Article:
Ancient Egypt - The Temples at Abu Simbel


Ramesses II began construction of two temples at Abu Simbel, in Nubia. This project lasted 20 years and became his most famous construction. Carved out of a mountain, it was a great piece of architectural propaganda for the Nubians sailing north on the Nile, as its walls were shown depicting bound Nubian captives. The front of the great temple consisted of four colossal 60 foot high seated figures of the king that flanked the entrance in two pairs. One of the heads of the colossal 60 foot statues of Ramesses fell during his lifetime from an earthquake.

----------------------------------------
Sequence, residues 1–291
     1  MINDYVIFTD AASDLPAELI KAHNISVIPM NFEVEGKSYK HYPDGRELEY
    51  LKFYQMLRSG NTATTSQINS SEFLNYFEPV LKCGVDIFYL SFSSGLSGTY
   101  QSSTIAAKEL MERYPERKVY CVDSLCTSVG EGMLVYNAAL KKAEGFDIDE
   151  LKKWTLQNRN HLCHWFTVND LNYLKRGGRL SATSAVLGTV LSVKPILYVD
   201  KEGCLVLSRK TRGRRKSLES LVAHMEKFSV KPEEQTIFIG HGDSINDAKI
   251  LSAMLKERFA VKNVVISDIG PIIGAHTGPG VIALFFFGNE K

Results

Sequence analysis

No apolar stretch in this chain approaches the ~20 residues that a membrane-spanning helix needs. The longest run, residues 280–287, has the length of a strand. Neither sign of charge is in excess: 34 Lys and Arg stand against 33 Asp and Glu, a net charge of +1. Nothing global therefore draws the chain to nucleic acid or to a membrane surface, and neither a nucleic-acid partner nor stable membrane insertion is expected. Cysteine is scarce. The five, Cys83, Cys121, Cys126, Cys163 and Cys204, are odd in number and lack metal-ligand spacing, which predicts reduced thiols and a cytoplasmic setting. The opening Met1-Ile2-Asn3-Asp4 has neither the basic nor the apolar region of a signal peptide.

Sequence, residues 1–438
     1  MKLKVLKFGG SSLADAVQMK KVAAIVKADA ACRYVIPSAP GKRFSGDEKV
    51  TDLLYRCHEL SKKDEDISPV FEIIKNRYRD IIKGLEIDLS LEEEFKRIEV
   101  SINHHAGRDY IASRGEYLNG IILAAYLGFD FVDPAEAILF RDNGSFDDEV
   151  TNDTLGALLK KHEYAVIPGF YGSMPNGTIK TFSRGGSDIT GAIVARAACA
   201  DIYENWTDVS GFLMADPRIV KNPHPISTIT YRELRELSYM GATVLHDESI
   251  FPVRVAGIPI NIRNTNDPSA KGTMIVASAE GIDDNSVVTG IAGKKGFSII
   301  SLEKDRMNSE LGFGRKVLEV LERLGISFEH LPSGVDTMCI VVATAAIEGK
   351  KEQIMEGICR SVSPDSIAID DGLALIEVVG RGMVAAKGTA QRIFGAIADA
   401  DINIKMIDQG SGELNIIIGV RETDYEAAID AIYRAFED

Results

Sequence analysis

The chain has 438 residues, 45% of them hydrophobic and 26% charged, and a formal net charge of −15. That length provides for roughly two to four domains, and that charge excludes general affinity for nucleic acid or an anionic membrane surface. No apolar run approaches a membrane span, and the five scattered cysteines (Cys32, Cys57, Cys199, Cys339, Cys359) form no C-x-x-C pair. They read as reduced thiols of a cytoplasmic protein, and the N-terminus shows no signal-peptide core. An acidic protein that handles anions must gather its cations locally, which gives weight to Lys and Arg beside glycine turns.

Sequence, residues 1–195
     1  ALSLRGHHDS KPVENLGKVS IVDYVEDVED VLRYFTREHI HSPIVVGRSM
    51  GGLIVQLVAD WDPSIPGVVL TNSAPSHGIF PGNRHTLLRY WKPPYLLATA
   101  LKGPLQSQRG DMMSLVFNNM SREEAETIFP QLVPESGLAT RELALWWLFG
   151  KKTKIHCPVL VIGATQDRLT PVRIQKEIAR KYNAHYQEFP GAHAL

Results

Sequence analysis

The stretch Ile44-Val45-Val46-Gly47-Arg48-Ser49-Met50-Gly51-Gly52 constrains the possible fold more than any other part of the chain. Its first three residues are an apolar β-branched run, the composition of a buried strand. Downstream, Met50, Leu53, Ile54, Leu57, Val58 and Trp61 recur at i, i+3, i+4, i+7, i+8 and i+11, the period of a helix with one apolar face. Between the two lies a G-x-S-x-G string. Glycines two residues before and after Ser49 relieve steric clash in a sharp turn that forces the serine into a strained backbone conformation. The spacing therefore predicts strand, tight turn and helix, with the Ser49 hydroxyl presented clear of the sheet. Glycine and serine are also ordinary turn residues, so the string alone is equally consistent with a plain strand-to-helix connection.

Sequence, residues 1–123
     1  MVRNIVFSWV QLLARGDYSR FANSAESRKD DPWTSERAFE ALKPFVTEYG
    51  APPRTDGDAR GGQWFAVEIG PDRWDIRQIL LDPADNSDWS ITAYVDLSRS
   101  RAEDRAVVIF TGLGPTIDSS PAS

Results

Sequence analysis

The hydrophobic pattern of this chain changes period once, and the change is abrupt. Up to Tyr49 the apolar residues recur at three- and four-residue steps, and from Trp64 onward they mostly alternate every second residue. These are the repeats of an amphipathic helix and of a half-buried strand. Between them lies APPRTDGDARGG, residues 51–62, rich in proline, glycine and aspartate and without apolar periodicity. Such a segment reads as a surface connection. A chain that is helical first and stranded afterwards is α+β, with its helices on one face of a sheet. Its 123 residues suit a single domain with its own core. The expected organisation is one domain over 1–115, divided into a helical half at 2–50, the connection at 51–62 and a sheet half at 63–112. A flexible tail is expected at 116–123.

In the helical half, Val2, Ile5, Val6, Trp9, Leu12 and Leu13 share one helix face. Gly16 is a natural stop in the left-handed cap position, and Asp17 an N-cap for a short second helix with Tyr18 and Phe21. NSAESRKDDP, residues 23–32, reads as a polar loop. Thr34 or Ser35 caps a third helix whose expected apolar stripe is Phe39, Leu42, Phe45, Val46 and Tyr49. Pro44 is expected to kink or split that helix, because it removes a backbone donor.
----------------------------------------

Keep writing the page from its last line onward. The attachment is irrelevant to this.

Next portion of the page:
A wonder of ancient engineering, its orientation was so exact that the rising sun at the equinox on the 22nd of February and the 22nd of October flooded directly through the great entrance to illuminate 3 of the 4 gods carved seated in the sanctuary over 200 feet inside the mountain. These were the gods Ra- Horakhty, the deified King Ramesses II, and Amun-Ra. The fourth of the seated gods, Ptah, does not become illuminated because he is the god associated with the underworld.